Delay effects pedals for your guitar is a must if you’re wanting to venture out into the big world of FX and guitar pedals altogether. Nothing beats putting on that delay sound to your strings to get the perfect feel of what you’re trying to convey in your notes. Whether its huge echoes to give you a space-like feel or perhaps just a minor touch to give your chords some extra detail, the possibilities are quite large with one of these. We many know who say not having a delay guitar pedal in their rig is simply unheard of. Let’s get into our favorite picks as the best delay pedals for your guitar.
Finding the best delay pedal for guitars
Unless you’re going to buy a multi-effects pedal and just use that, I’ve seen up to 2 or 3 of these in guitarist’s stompboxes. Aside from perhaps reverb guitar pedals, delay pedals are by far the most popular out there and have been for decades. When first deciding on a delay pedal, look into what you already have — some of these come with other FX such as loopers, reverb, and more that you may not need. If you are indeed starting from scratch, look into what other packages you may be interested in aside from just delay.
Whether or not you want just delay or perhaps some more FX, there are also pedals with different “types” of these FX. For example, a pedal we list near the middle of our guide gives us a whopping 8 different “types” of delays, and they’re labeled based on their feel and sound. Examples include delays named ‘self-oscillating’, ‘crystal’, ‘tape’, ‘ping pong’, and more. Or do you just want one delay where you can control the speed and modulation?
Aside from looking into what else your pedal will be offering, we most importantly want to recommend this — listen to samples! The sound of a pedal is everything, of course. We’ve provided you with video demos so you can get a feel of these pedals before you buy. If a particular sound and feel stand out to you, we say go for it and grab it. Don’t be shy — you may want two or even three!
The best delay effects guitar pedals
Up first as our favorite to be the best delay guitar pedal of many, the TimeLine is a bit more advanced than others and isn’t necessarily a traditional pedal to add to a stompbox. It indeed is quite expensive, however; the overall quality and power of this thing is magical if you can afford it. It’s priced so high because of the extra quality that it was built regarding sound quality, hardware design, processing power (uses something called SHARC DSP, which in a nutshell is an advanced chip included in the pedal responsible for high-quality sound processing), and sonic flexibility. Let’s get into what this thing actually does — 12 unique delay machines (each with controls you can tweak in regards to the overall feel and sonic character), 200 presets, 30 second looper, and MIDI in\out.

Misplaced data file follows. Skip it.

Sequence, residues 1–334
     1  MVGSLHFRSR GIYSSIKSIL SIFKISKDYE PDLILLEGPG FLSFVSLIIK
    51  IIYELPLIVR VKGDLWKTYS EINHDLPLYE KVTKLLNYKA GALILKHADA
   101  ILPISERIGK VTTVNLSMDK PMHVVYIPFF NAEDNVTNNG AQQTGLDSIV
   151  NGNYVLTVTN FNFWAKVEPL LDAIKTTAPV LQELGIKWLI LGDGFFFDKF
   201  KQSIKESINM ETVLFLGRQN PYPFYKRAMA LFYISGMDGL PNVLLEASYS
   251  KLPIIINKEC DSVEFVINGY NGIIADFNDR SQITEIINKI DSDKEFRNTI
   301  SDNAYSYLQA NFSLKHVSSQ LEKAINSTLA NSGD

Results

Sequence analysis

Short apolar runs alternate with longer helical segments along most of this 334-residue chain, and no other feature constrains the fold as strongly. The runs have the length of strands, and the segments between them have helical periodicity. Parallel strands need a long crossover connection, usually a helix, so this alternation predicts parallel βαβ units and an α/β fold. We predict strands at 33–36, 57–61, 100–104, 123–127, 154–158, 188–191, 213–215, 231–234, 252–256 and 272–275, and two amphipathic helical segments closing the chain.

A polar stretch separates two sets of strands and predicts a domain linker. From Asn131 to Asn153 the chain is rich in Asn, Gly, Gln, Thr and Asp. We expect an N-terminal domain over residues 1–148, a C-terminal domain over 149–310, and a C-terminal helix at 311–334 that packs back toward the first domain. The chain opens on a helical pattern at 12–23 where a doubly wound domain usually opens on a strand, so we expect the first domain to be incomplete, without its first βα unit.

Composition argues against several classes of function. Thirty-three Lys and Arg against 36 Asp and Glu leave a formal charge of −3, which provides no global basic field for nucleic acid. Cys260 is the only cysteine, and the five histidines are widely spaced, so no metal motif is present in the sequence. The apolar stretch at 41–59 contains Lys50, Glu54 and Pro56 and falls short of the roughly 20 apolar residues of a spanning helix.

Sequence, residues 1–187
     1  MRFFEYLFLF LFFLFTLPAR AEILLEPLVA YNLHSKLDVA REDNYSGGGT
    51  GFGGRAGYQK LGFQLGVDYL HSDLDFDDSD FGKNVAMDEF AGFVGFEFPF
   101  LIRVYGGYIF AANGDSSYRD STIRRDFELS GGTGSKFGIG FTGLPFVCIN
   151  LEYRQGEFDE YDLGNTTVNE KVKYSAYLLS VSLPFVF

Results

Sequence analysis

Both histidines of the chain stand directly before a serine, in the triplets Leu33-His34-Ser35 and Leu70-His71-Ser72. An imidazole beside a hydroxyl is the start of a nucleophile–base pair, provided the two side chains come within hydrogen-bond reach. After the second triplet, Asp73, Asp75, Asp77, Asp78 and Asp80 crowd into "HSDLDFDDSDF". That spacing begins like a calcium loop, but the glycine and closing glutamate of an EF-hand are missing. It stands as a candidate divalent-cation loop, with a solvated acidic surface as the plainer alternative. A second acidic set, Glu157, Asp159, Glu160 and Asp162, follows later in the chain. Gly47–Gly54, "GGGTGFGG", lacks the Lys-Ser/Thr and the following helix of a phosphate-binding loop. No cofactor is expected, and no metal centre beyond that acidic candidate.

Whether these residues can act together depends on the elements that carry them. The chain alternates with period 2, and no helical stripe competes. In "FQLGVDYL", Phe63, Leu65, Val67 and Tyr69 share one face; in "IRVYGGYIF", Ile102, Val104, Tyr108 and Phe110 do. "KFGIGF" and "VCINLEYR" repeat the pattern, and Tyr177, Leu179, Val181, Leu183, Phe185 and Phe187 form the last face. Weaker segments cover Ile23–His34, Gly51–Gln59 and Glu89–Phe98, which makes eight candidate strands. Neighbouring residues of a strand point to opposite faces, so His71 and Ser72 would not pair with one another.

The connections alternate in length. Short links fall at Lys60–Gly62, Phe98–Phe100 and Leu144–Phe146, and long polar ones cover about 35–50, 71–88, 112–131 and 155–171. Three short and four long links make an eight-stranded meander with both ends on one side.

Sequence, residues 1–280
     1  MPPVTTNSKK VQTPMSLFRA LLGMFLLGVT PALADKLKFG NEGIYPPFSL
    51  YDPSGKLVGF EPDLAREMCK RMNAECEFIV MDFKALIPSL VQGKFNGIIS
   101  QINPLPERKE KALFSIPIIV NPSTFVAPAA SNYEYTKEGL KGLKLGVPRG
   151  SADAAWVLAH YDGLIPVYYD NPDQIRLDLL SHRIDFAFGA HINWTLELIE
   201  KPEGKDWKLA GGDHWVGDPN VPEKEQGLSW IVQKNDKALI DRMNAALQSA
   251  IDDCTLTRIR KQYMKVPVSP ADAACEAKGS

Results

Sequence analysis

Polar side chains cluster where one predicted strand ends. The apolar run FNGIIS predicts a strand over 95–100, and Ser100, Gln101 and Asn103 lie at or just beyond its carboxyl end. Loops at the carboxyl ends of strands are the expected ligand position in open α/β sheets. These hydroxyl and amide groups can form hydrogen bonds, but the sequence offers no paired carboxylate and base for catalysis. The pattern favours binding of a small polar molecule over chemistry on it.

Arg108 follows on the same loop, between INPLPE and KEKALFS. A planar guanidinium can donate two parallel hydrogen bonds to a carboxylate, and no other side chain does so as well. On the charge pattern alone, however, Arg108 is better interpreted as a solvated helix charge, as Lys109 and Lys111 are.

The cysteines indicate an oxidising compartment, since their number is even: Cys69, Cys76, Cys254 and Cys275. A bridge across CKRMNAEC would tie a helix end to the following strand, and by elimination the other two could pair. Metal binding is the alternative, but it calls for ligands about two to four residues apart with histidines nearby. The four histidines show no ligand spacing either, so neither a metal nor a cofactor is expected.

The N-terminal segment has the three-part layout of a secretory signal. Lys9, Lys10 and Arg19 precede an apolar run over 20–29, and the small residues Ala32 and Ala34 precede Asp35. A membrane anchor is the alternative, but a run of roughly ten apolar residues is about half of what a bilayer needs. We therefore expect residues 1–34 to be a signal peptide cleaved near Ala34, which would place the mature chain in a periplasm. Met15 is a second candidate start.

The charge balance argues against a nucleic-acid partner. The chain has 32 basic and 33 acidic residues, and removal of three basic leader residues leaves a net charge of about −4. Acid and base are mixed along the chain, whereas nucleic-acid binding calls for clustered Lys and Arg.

This is more geared towards studios with that MIDI function but don’t get us wrong, it will have you shredding live as well. The control over the multiple delays is everything — filter it out for some warm analog feels or go to a sparkling and clear studio-quality digital-like sound. The possibilities are huge with the Strymon TimeLine and it’s our favorite answer to the best delay pedal in the market today.
Coming down to a more realistic price-point and size for a traditional delay guitar pedal, the Canyon is widely known by many with user reviews to back it up. This one is both a delay as well as looper, but we wouldn’t turn it away if you don’t plan on using the latter — it’s only a plus. The delay with this pedal gives you 11 modes — echo, mod, multi, reverse to name a few. The delay time is 5 milliseconds to 3 seconds, you have a tap tempo with tap divide on the footswitch itself or you can also use an external one.
There’s also a tails switch which allows you to repeat echoes or stop it immediately when you switch it to bypass. A more simplistic delay guitar pedal to check out here, we love the Electro-Harmonix Canyon if you need the essential delay and nothing else.